I just read issue #15 of Angel&Faith: it's a very interesting issue and, somehow, it makes me think about the Dollhouse and the major themes in all the Whedonesque works.
My advice about S9 of Buffy and, generally, the comics is: be patient.
It's a long story and it's built issue after issue. If an author wants to explain a complex concept, he needs to work slowly. In the comic books character arcs can take years before get to the point. It's a very long run and the reader needs to be patient.
I just have one condition, of course: that Whedon will be always involved in the comicverse. If he takes off, I'm also going to take off.
Whedon is recently very busy with all the Avengers project - good for him! - and I honestly I don't see him take a long run with the Buffyverse in comics. Maybe he will give much more space to his fellow authors, but I personally consider canon only a work under his direct controll. Everyone is able to write a Buffyfic, otherwise.
That said, I find the latest Angel&Faith issue very interesting.
I think that one of the major theme in all the Whedon's production is the struggle between big corporations, big powers and tiny people, who need to fight and rebel in order to take back their agency and their freedom.
Dollhouse is a big example of this concept: the Rossum corporation is like a Senior Partner who wants to achieve control of the dolls and single rebellious individuals - like Echo, Ballard, Adelle, Sierra, Victor ... - fight against this much bigger than them power, to take back their agency and identity.
It's never about another big good power who fights back, it's always about single people.
In the S8, the only one who rebels against big powers fighting is Buffy, when she destroyed the Seed. It's an unpredictable act, powered only by emotion and against every kind of big plan or vision in the play. Buffy breaks the Seed and, immediately, the war is over and big powers need to take back their stuff and get the hell out of Earth. Suddently, all the energy powering Twangel is gone and Whistler finds himself like a sailor in the bottom of the Titanic.
Unpredictable act, single person.
Of course, there are consequences and reactions, as always in the Buffyverse, and S9 is kinda dealing with them.
Let's return with the big picture guy, here: Whistler, half good and half evil breed, is supposed to mantain the balance between the two big daddies of Earth (PTB and Senior Partners) and he's conveniently used by them to maintain a certain status quo.
But the status, as Doctor Horrible will said, is not quo! So Whistler decides to make the game a little better and to play another phase in evolution.
Again, it's all about big corporations/powers/people, who decide, at some point, to change the game.
The tiny people involved? We aren't giving them want they want, but what they need. And so, Whistler is giving Angel what he need - a reason to live, a new obsession - but he's also giving the Earth a new stage of evolution. Anybody asked for this? Nevermind and have faith in the big guy.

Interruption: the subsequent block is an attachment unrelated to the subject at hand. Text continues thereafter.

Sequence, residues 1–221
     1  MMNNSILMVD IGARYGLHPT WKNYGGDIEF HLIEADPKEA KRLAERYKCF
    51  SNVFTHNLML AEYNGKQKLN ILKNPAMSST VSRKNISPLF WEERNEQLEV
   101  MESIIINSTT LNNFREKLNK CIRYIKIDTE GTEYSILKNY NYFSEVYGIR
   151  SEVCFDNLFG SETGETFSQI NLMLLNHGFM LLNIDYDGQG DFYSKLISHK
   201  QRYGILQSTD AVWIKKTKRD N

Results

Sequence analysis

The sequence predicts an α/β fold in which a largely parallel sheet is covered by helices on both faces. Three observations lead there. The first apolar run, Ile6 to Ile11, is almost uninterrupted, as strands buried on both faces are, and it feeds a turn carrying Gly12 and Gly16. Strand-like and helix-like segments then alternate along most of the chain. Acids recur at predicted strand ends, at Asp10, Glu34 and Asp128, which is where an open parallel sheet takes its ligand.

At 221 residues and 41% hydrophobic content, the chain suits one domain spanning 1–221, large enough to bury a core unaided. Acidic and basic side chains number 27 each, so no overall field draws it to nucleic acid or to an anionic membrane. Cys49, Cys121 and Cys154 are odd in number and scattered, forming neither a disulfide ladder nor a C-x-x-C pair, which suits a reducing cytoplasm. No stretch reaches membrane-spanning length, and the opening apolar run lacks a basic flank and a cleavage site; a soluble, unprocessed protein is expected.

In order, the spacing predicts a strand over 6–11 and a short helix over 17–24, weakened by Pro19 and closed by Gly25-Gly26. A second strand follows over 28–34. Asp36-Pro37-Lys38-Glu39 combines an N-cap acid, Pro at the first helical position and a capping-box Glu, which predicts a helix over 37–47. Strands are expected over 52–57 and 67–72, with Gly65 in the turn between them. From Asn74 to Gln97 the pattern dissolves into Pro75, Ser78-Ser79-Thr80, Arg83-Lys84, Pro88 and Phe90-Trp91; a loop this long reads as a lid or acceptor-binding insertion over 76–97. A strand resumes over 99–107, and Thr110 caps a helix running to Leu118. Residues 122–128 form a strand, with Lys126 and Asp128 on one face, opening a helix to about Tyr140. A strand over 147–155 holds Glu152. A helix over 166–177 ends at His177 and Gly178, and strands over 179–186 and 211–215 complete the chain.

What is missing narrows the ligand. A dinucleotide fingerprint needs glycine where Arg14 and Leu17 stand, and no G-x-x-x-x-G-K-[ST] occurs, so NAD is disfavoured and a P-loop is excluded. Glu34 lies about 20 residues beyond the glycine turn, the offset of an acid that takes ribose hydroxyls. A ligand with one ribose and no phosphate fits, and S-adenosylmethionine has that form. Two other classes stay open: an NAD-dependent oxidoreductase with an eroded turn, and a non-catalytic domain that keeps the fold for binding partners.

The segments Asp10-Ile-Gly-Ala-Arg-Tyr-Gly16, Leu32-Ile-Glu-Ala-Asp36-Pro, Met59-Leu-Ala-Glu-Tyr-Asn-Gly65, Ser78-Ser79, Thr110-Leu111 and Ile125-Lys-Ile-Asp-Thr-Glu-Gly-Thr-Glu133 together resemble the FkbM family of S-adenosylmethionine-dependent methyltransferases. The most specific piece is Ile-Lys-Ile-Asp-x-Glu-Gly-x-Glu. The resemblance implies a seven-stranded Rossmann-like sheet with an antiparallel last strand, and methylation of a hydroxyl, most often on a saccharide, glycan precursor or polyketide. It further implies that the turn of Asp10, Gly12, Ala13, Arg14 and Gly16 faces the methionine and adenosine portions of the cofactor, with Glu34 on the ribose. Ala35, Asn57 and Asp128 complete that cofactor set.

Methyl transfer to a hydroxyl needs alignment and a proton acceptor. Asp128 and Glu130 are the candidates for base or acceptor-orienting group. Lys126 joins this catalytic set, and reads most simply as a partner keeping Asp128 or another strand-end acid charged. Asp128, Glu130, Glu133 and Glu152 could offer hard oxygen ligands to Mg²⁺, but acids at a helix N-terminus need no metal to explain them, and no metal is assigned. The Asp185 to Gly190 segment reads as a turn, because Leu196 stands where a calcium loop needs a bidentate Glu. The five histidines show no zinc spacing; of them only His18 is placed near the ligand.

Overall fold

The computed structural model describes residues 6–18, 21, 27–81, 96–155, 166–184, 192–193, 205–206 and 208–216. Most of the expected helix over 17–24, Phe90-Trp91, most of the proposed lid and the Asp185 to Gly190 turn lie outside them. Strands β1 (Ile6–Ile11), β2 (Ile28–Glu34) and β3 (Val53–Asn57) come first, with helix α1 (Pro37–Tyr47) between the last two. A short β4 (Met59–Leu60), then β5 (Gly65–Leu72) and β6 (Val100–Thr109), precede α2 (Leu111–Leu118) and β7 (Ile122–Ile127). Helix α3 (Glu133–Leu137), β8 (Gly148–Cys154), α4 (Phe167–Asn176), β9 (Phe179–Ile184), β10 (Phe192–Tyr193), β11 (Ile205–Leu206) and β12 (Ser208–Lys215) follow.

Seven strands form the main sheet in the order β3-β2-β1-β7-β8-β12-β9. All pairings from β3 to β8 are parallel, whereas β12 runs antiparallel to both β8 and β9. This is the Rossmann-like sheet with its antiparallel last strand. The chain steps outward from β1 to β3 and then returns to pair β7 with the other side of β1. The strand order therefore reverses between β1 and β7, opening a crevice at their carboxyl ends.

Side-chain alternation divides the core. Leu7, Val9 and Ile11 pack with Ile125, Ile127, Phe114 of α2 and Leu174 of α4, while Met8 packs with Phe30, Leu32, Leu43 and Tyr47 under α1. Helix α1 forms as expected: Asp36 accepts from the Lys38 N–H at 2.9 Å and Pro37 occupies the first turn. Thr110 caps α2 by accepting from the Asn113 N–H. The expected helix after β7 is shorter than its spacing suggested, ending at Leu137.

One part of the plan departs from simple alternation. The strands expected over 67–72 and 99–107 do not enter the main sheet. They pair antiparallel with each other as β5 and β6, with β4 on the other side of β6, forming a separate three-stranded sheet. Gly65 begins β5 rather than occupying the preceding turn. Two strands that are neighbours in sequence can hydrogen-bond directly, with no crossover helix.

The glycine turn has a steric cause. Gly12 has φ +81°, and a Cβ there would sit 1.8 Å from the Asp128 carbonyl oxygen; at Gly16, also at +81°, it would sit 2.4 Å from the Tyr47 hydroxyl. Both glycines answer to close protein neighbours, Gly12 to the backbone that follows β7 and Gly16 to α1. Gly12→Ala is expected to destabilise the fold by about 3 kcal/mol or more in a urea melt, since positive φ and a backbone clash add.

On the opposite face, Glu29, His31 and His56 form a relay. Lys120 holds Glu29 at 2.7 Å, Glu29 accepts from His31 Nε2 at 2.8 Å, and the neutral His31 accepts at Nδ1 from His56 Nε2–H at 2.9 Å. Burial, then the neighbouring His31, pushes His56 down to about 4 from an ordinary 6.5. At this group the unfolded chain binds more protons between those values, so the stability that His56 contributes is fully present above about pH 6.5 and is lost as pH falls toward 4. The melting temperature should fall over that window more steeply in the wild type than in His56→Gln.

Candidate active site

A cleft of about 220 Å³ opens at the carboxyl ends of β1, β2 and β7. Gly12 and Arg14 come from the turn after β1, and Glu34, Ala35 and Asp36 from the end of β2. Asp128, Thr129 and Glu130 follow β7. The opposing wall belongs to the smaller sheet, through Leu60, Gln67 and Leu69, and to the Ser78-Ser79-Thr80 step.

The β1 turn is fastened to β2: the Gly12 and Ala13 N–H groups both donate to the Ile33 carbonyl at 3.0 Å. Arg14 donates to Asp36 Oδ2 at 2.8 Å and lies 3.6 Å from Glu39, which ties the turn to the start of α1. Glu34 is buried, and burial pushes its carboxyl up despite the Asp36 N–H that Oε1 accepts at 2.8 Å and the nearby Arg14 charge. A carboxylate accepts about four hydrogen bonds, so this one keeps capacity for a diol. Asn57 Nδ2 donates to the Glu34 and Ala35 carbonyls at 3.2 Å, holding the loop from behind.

Angel's involved as fuck in this dirty busness because he's always been a "big picture guy". In Dollhouse, we saw that is dangerous to be like Topher, to serve a much bigger corporation who might want to take control of their people, but it's also dangerous to be like Caroline, to be an idealist who doesn't face the complex reality.
Angel, in a way, is idealist, just because he believes he knows better than everyone else, but he's also a huge tool like Topher, for both PTB and Senior Partners, because he's big picture guy, he's the hero in his own story.
He thinks about great stuff like: love forever and evolution and brave new world, but he doesn't listen the others, he doesn't take care of the single individual and doesn't listen to Buffy's opinions. He loves the concept of him and Buffy together, like he loves to be the hero in his own story, and, like Prometheus, who was guilty of hybris, he's always making the ball drop.
I believe that all his trust to Whistler and all his project as Twilight is a mistake and it's a big mistake because he clearly believes even now that he was trying to do a good thing. Taking back other people's agency, Buffy's agency, and decides for them.
It's obliviously a concept so fucked up I can't even, and it's obliviously another hard stone on the whole Bangel romance, since destiny and meant to be, in all the Whedon's works, are deeply creepy concepts.
Angel's involved with his own hero projection, he can't actually see how the real Buffy doesn't fit in the major plan. Like Whistler already knew, she's unpredicable and she tends to screw up the whole "destiny" concept.
Big flaw in an almost perfect plan. Sorry, Whistler!
As for Angel, the only hope for him is to open the eyes he always close in the crucial moments and to finally embrace the others power and agency as individuals and maybe find a side with Buffy, Spike and all the rebels against the great, mystic Dollhouse.
Ps: Did I said "big" many times, right?